The South Shall Fall Again
by Philip Leibfried
It was a warm and sultry summer night; the Spanish moss hung heavily from the cypress branches and Scarlett Blanche Magnolia Vivien Beauregard was bored to tears. Sure, tomorrow was another day, but what was she to do until then? She was also upset because jes’ nothin’ seemed to be goin’ her way. The hated New York Yankees had beaten her beloved Atlanta Braves in the World Series, the local KFC had burned down and worst of all, she couldn’t find her videotape of Steel Magnolias anywheh! She suspected her maid Dissy of pilfering the latter item; unfortunately, she had gone home for the evening and wouldn’t be back until tomorrow moh-nin, and the butler, Rhett, was away on vacation.
Oh. bother! Ah guess ah’ll jes’ watch some television, she thought. She picked up her pet cat, Maggie, and headed for the living room. Just then the opening strains of The Bonnie Blue Flag rang throughout the house; someone was at the doah!
Scarlett opened it and gasped with surprise: “Whah, cousin Tallulah! Whateveh brings you to Atlanta?”
“How do, Scarlett?” piped Tallulah in her reed-thin voice. Everything about Tallulah was thin, from her ankles to her nose to her hair.
“I had some time owed me, so I took two weeks off and thought I’d spend it with my favorite relative.”
“Ah’m delighted you’ve come, cousin, but ah’m expecting cousin Olivia too. She’s gonna have a baby soon, you know.”
Cousin Olivia and her husband, Howard Leslie, had made plans to stay with Scarlett until their child was born.
“Yes, I know, but I don’t take up much space,” replied Tallulah.
Scarlett smiled. “This is true. I don’t know how y’all do it. Ah’d give anehthing to be able to fit into mah high school prom dress.”
Tallulah marched up to her room with her impedimenta.
At breakfast the next morning, Tallulah greeted Scarlett’s two younger twin brothers, Stonewall and Jeb, with hugs. They had been asleep when she arrived.
“How y’all doin’ in school, boys?”
We’re currently studying the American Civil War in history class,” stated Jeb. Stonewall elbowed him in the ribs.
“The War of the Rebellion!”
Before Jeb could retaliate, Dissy put breakfast before each and the pair began shoveling eggs and ham hocks into their mouths with reckless abandon.
“What do y’all feel like doin’ this weekend, Tallulah?“ asked Scarlett.
“Why don’t we go on a picnic to that park you’re always talkin’ about – oh, you know!”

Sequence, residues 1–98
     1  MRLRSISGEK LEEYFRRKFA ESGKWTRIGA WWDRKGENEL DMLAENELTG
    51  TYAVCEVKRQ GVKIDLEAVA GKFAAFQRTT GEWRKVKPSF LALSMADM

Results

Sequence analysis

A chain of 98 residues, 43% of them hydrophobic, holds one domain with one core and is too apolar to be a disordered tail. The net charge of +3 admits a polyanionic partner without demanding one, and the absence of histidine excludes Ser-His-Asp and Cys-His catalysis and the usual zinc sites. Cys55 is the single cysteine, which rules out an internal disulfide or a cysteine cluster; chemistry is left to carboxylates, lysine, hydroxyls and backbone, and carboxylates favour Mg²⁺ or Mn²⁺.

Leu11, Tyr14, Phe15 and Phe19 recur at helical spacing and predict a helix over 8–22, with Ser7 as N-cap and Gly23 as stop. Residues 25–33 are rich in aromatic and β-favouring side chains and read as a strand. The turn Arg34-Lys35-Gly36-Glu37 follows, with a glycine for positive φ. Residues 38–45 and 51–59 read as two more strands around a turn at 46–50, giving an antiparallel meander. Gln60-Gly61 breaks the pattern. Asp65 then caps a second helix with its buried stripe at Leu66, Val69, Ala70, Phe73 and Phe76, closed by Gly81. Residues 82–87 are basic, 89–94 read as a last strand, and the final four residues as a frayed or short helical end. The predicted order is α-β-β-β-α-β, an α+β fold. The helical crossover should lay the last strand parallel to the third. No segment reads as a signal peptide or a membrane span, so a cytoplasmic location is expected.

“Y’all mean the Nathan Bedford Forest?”
Once again the tune of The Bonnie Blue Flag alerted Scarlett that she had a caller. She opened the door to see the Leslies with smiles as wide as the Shenandoah Valley on their faces.
“Whah cousin Olivia! I clean lost track of the time! I should have picked y’all up at the train station. I do apologize.”
“Not to worry, Scarlett.”
Tallulah poked her pointy nose over Scarlett’s shoulder.
“How do, Olivia! Mah, but that bun in your oven’s getting mahty big!”
“Jes’ a few mo’ days and there’ll be a new Leslie in the world,” replied Olivia, as she looked up at her husband like a moonstruck calf.
Sho ‘nuff, three days later Olivia gave birth to a bouncing baby boy. The couple already had a name picked for him - Jubal Braxton Beauregard Leslie.
The weekend finally arrived, and Scarlett was all a-flutter with preparations for the picnic. She called to her younger brothers, who nearly stumbled over each other running down the stairs.
“Go get some linen from the closet, you two. Tallulah! Bring the corn pone, cornbread and corn muffins. Dissy, are those grits ready yet?”
“Yas’m, ah’m pourin’ ’em into the Tuppaware raht now!”
Tallulah helped her pack everything in baskets. As they finished, Jeb and Stonewall appeared with the tablecloths.
“Well, alright! It looks like we all are ready to go on a picnic!” said Scarlett, with ill-disguised relief.
A moment later the family piled into Scarlett’s station wagon and were on their way to the Nathan Bedford Forest campground.
Twenty minutes later Scarlett drove into the parking lot. The party picked a table situated under a large old oak tree near the street.
As they got settled, they heard band music in the distance that got louder by the minute.
Looking towards the street, the group beheld a parade of coots, codgers, fogies and geezers clad in Civil War uniforms marching to “Dixie”. They did their best to keep in step, despite the fact that most of them used walkers or canes. Led by Robert E. Calhoun, they stumbled and limped along like escapees from an old folks’ home.
Calhoun was the neighborhood character, a Confederate to the core. No one knew his true age, but he swore he had fought at Shiloh and Second Manassas. He was so loyal to the South that when his hair turned white, he dyed it gray. He would only drink from Dixie cups and all his drinks had to be made with Southern Comfort. His favorite fictional character was Scarlett O’Hara. Tennessee Williams was his favorite playwright. He didn’t consider residents of North Carolina true southerners because the state name had “north” in it.
Needing a better look, the family hurried over to the sidewalk, led by Jeb and Stonewall. Olivia handed her infant to Dissy and told her to burp him.
“Ah don’t know nothin’ ’bout burpin’ babies, Miss Olivia!”
“Do as you’re told Dissy!”
Scarlett and the others stood and watched as Robert E. Calhoun ordered a halt. From the rear came four young women in majorette costumes holding a banner that read “The South Shall Rise Again”.
“Ten-hut!” wheezed Calhoun, barely able to get out the command. The old-timers stood as straight as they could, until a stiff breeze came along and blew them all down.
As they struggled to regain their feet, Scarlett wondered if indeed, the South shall rise again.